There are 12,945,921 registered voters who will vote at 20,570 polling stations, including 408 abroad. Voting material has already begun to be sent to the provinces. “The provinces of Manica, Tete and Sofala will receive the materials Thursday and in Gaza, Inhambane, and Maputo-City and Province, the materials could be allocated Friday,” said Langa.

Training for 160,000 candidates to be polling station staff (MMVs, membros das mesas de voto) finishes today; 143,990 will be selected. Polling station staff are paid 3700 MT ($60) for the head (presidente), 3500 MT for the secretary, and 3200 MT each for other five staff, plus 200 MT ($3) each for food on voting day.

STAE says it has already accredited 19,900 national observers, 390 international observers, 2,100 national journalists and 85 international journalists and continues to register a high demand for accreditation. With more than 5,000 requests pending at STAE offices, Claudio Langa said that STAE is working to issue the requested credentials but does not guarantee that all requests will be fulfilled before the elections.

Mobile phone use at the polling stations is prohibited only for polling station staff and “the mobile phone ban does not apply to observers or journalists,” Langa said. This means that observers and journalists can use mobile phones at the polling station and use them to capture photographs or video, which are essential for evidence of MMV misconduct. This follows confusion over an instruction issued by the CNE which prevents polling station staff (MMVs) for using mobile telephone, except for the polling station president and then only to contact officials and only in public. However, to ensure secrecy of the vote, all photography is banned near the voting booth where voters mark their ballot paper.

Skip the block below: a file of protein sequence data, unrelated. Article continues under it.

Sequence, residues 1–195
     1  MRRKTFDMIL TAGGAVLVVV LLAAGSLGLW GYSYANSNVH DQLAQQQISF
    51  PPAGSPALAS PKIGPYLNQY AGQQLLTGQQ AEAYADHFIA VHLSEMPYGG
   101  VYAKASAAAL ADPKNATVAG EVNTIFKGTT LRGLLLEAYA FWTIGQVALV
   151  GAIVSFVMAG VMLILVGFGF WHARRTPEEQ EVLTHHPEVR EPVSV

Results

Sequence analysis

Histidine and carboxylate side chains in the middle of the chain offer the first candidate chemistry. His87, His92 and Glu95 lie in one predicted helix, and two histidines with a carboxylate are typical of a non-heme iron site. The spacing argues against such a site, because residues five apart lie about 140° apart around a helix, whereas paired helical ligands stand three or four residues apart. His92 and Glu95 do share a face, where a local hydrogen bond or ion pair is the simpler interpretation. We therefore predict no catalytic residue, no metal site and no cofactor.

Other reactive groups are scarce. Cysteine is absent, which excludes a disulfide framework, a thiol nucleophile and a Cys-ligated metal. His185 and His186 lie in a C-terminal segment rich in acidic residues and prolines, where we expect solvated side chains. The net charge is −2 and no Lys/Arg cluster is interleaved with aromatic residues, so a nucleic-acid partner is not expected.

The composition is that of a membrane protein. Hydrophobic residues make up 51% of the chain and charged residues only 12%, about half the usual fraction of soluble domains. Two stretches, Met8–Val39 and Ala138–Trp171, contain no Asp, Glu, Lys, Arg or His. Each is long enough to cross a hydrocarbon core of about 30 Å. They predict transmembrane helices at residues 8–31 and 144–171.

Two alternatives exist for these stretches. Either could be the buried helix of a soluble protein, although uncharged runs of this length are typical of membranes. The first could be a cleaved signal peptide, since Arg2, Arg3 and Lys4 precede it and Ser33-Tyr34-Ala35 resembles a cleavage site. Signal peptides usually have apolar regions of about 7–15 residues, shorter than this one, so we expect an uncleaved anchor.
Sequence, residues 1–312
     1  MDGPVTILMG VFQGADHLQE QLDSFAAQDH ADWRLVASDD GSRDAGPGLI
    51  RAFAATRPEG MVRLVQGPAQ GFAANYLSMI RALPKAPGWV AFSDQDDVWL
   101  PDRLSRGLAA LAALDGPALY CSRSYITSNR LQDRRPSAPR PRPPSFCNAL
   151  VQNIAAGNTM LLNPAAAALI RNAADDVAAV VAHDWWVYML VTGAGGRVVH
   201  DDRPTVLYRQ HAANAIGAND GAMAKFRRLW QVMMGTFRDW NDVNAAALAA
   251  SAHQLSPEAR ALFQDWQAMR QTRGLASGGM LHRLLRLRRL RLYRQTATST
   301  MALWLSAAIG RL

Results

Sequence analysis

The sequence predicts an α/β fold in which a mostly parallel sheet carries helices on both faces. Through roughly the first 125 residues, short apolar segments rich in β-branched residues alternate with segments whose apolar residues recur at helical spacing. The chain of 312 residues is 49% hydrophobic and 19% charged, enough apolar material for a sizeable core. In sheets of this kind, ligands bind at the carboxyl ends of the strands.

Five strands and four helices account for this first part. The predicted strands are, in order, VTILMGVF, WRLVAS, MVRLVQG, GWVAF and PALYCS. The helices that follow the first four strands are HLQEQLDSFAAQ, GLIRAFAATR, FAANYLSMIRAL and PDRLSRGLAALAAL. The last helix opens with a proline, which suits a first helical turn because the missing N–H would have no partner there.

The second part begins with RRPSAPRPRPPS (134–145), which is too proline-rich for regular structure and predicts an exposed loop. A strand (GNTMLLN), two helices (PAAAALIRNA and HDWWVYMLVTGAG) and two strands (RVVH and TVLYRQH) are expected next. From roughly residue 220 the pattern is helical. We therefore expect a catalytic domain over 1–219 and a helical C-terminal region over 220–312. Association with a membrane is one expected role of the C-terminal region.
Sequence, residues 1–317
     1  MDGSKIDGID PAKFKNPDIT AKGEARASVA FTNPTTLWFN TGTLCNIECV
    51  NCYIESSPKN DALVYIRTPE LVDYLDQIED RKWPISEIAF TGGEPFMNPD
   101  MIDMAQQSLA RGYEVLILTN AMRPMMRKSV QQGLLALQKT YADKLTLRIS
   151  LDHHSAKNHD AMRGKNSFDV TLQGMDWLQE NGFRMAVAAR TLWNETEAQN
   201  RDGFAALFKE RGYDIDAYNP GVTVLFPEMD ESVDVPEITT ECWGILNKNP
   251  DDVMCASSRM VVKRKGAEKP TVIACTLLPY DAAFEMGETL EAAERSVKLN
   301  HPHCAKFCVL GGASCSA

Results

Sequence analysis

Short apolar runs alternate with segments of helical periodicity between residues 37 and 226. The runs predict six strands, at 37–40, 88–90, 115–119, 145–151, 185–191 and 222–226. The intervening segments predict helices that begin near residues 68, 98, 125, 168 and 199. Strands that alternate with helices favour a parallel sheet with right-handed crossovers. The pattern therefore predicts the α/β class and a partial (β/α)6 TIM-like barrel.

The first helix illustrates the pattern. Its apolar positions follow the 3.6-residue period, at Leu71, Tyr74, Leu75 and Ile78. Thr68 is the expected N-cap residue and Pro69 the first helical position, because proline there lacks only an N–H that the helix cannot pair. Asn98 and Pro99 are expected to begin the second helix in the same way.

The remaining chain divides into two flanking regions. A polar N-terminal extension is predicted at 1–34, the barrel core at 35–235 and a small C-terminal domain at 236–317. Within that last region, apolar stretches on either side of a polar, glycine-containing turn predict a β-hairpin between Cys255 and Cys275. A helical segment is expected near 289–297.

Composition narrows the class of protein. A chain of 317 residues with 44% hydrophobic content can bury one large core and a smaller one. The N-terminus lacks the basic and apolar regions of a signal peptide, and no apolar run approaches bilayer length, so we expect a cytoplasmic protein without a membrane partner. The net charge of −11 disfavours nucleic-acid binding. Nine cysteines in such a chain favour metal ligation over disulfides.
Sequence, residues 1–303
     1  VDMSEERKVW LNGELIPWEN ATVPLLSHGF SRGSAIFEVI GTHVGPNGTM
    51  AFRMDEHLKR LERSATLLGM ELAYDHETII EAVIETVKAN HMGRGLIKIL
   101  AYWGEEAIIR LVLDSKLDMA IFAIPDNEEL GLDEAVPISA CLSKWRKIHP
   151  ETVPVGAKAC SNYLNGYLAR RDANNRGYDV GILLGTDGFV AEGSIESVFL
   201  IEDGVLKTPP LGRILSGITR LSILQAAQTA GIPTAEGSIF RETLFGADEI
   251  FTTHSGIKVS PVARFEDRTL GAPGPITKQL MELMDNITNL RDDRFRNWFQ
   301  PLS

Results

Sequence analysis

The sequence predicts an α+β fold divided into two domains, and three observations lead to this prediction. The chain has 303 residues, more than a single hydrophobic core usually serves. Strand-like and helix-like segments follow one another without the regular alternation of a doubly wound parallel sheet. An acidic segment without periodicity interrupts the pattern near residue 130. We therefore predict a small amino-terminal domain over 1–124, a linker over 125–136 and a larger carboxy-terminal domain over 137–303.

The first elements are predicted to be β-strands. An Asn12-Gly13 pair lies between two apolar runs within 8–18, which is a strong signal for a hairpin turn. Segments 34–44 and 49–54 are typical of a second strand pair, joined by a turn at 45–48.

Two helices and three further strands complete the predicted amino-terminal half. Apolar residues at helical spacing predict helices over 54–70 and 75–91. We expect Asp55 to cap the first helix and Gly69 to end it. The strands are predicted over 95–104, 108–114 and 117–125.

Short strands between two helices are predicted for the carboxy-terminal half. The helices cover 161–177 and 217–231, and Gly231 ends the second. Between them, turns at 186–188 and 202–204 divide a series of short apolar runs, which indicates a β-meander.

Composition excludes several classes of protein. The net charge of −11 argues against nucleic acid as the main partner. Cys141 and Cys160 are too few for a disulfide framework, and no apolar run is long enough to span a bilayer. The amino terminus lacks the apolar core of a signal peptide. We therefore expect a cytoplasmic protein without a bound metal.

A voter database will be available through the STAE website (http://www.stae.org.mz) so that any voter can check the location of their polling station. The data base should have been available from yesterday, but appeared not to be working this morning.

People who have lost voters cards can still vote, but at a large polling centre such as a school with polling stations in each classroom, the voter does not know which queue to join, because the polling station number is on the lost card. This caused considerable confusion in past elections, and STAE introduced a new system in the by-elections in Nampula and municipal elections last year.

At polling centres with more than one polling station, STAE promises to position technicians with computers and the electoral register, so that the voter can look up their name and be told which queue to join.

Langa also promised to publish district election results on the institution’s website but warning that difficulties in communicating with remote areas could delay the processing of the results.

Mother kills son over Frelimo T-shirt

Diveriasse Sinoia, 27, was killed with his own hoe during an argument over a Frelimo t-shirt. The incident took place on Sunday (6 October) in the Nancholi district of Angonia district, Tete.

The discussion began when the mother offered her son a Frelimo t-shirt. He asked his mother to give him another shirt to offer his wife. The victim’s mother promised to do so as soon as she could get another one. However, the dissatisfied son began to attack his mother. She grabbed a hoe and dealt hard blows to the left side of the head of the son who died at the scene, our correspondents report.

Nancholi’s 4th-tier leader, Xadreque Sabao, confirmed the incident. “He thought his mother was given many shirts and had hidden some,” Sabao told the Bulletin.

At the time of the event the son was drunk. Local people say this is not the first time the young man attacked his mother, our correspondents report.

Police went to the residence where the victim died in the Monday morning (8 September). The mother fled to uncertain parts after the event. The victim left a wife and two minor children.

But the incident shows why, in a very poor country, party t-shirts are valued and why parties hand them out.

Editor: Joseph Hanlon | Publisher: Edson Cortez | News Editor: Borges Nhamire

Reporters: Aldemiro Bande, Magda Mendonça, Sheila Nhancale, Graciano Claudio, João Machassel
Published by CIP, Centro de Integridade Pública (Public Integrity Centre),
Rua Fernão Melo e Castro, no 124, Maputo. eleicoes@cipmoz.org bit.ly/GenEl2019

ARTICLES MAY BE FREELY REPRINTED but please cite the source: “2019 General Elections – Mozambique Political Process Bulletin”.

Previous newsletters are posted on http://bit.ly/2H066Kg

There are two archives of historic elections data, at IESE on http://www.iese.ac.mz/eleicoes-resultado/ and at London School of Economics on http://bit.ly/MozElDaa. The LSE archive now has detailed 2013 and 2014 results, by polling station.

© 2019, ZITAMAR NEWS. All rights reserved.